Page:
The AMP1 Power Soak - functionality and areas of application
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The AMP1 has an integrated Power Soak function. Since not everyone needs this function, and since there is no more space for additional controllers on the AMP1 itself, this feature can only be controlled via an external controller. In addition to the REMOTE1, this is also possible in connection with the MIDI1 adapter interface via a MIDI controller from another manufacturer, provided that this can send MIDI control change command 30.
How does the AMP1's Power Soak work?
A classic power soak converts the power present at the loudspeaker output into heat via large load resistances. The more the signal is "burnt away" via the resistors, the quieter - but also "flatter" and less lively - the sound becomes.
The Power Soak in the AMP1 reduces the power of the power amplifier via the operating voltage. In this way, you can produce the sound of an overdriven power amp even at a lower volume.
The Power Soak's control path has been divided into two areas: the 100% sound-neutral "STAGE" area, and the somewhat milder-sounding "HOME" area. If you use the REMOTE1 to control the Power Soak, you will notice that the LEVEL control of the REMOTE1 automatically switches from "HOME" to "STAGE" from the middle position.
Compared to classic power soaks, this way of working has a decisive advantage: the Power Soak is completely sound-neutral in the "STAGE" range (7 watts to 100 watts/control range of the REMOTE1 potentiometer from 12 o'clock to maximum position), since there are no resistances to the natural interaction of the power amplifier and no speakers to interfere.
When does it make sense to use the Power Soak?
One hears and reads again and again that guitar amps, especially tube amps, have to be played loud in order to sound good - or conversely, that tube amps don't sound good when played softly. This rumor is widespread - but also just as wrong. We've dedicated a whole article to the subject, which you should definitely read if you want to understand when and why you should use a Power Soak - and when you shouldn't: Is it true that tube amps have to be played loud in order to sound good?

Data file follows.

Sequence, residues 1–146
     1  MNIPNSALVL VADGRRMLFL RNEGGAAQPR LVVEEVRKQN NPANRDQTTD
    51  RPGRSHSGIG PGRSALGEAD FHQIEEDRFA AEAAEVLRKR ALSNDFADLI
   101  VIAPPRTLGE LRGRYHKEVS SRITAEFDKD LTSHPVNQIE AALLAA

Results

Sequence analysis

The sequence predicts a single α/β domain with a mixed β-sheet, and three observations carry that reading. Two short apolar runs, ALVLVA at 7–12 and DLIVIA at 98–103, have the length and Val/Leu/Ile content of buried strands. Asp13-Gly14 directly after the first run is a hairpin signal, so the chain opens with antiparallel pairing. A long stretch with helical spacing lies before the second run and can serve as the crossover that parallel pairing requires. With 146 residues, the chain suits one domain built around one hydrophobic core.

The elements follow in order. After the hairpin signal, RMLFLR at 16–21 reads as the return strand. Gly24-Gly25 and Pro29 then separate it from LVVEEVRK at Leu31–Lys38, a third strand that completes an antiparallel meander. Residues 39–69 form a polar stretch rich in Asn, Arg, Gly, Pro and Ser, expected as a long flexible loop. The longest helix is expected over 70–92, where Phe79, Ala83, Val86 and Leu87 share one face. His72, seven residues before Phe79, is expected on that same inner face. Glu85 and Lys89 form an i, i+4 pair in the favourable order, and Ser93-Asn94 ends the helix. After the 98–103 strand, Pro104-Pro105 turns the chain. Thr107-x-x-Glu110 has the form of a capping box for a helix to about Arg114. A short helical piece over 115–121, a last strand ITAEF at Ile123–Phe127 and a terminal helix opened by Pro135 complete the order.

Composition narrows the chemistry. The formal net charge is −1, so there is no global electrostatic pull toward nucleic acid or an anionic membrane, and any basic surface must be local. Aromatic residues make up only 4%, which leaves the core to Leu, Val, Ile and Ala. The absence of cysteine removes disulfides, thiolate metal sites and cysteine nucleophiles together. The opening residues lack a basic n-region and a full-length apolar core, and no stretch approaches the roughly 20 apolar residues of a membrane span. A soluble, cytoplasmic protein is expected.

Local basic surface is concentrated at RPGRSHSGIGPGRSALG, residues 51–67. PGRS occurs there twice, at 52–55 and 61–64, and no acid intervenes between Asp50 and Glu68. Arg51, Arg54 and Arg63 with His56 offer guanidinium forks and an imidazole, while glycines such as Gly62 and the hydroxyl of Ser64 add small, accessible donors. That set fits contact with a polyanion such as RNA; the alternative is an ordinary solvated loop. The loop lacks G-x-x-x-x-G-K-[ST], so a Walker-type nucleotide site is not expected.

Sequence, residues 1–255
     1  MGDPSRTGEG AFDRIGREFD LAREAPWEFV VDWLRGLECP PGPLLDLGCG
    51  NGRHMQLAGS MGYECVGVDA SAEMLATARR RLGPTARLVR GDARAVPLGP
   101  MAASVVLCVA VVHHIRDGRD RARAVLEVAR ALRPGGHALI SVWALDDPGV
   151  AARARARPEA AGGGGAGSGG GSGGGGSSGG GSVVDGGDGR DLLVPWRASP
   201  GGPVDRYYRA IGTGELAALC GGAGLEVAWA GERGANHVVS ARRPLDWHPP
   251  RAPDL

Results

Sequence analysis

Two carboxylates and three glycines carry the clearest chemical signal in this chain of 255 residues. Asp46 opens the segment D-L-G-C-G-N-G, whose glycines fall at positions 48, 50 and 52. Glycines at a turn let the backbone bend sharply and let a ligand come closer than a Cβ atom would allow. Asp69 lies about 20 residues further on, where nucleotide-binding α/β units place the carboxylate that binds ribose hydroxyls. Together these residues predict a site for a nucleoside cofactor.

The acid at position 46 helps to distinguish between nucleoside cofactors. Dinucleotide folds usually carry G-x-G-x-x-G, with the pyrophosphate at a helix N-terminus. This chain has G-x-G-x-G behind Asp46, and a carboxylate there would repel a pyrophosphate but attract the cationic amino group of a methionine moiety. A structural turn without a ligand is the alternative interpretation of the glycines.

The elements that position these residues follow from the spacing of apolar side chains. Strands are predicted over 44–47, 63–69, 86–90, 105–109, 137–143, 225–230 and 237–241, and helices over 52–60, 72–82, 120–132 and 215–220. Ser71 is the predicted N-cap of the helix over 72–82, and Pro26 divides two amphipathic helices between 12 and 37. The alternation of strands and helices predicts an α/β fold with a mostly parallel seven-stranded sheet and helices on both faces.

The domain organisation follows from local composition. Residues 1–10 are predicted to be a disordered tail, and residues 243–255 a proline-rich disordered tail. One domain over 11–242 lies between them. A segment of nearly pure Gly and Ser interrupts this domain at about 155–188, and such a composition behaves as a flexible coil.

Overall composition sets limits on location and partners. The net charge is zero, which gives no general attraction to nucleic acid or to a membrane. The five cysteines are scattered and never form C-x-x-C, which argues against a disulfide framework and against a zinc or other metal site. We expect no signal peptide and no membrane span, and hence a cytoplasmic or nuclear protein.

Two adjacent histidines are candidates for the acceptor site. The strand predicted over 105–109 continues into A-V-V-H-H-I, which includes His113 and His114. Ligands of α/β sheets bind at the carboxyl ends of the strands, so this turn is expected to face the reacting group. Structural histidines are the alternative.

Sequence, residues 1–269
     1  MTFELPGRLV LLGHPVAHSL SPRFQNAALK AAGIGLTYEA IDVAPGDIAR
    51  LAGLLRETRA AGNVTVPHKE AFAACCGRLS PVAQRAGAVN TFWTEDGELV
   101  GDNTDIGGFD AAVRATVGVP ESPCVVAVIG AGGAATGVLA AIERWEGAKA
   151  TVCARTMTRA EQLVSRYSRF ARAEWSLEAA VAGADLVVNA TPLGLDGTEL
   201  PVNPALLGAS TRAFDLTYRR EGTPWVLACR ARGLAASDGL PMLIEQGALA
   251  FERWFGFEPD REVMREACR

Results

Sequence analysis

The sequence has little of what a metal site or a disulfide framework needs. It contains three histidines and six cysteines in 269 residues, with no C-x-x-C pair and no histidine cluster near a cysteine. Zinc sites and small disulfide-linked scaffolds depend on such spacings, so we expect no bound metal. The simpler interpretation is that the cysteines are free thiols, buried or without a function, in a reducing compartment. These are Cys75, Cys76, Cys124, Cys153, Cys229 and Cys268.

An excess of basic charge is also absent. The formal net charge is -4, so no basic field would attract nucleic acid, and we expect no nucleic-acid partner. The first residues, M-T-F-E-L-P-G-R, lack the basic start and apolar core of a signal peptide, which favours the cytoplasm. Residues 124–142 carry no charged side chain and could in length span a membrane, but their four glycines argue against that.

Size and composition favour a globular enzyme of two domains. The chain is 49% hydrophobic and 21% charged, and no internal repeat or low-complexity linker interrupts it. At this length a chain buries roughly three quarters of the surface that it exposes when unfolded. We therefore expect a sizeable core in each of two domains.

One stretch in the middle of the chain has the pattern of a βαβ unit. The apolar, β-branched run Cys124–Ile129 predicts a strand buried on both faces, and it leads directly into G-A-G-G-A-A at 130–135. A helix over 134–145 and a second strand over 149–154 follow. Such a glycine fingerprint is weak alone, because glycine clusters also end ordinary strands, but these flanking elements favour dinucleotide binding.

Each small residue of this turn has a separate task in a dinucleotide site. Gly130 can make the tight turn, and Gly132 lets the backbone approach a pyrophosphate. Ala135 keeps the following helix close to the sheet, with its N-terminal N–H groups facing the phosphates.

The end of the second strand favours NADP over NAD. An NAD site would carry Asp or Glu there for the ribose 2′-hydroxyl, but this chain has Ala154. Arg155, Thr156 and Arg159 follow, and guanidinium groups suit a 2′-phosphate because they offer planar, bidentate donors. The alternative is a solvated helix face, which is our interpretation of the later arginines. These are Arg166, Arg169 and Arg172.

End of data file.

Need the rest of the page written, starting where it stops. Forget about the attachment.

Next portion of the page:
It's a sound feature!
Reading this article makes it clear that a Power Soak is less a (pure) volume feature and more a sound feature that brings the sound and feel of a wide-open tube power amp into a more “bearable” volume region. Because to reduce pure volume, you can also simply turn down the MASTER of the amp. This works particularly well with the AMP1, which is designed in such a way that the saturation and compression, which make the amp sound round and fat, unfolds even at low volumes.
The difference between MASTER and Power Soak...
... is this: when turning back the MASTER on the AMP1, the output is reduced in loudness. The Power Soak, on the other hand, reduces the maximum output power of the AMP1.
One can imagine that a 100-watt power amp set to MASTER position 5 still has a lot of headroom upwards, and therefore much less compression than a power amp reduced to 50 watts running at maximum power. The latter has to be turned up much further in order to achieve a comparable volume. Conversely, with a lower output power, you can - or must - turn up the power amp further in order to achieve the same volume as the full power mode. This drives the nanotube into saturation, and the sound changes due to the onset of power amp compression.
Playing at bedroom level...
... works with the AMP1 without the Power Soak! As mentioned above, even with a low MASTER setting, AMP1 sounds round and fat without the tube having to compress. You only need the Power Soak if you explicitly want a vintage sound with a lot of power amp compression. In this case, you can reduce the output power of the AMP1 to below 1 watt and enjoy the sound and feel of the power amp compression at room volume.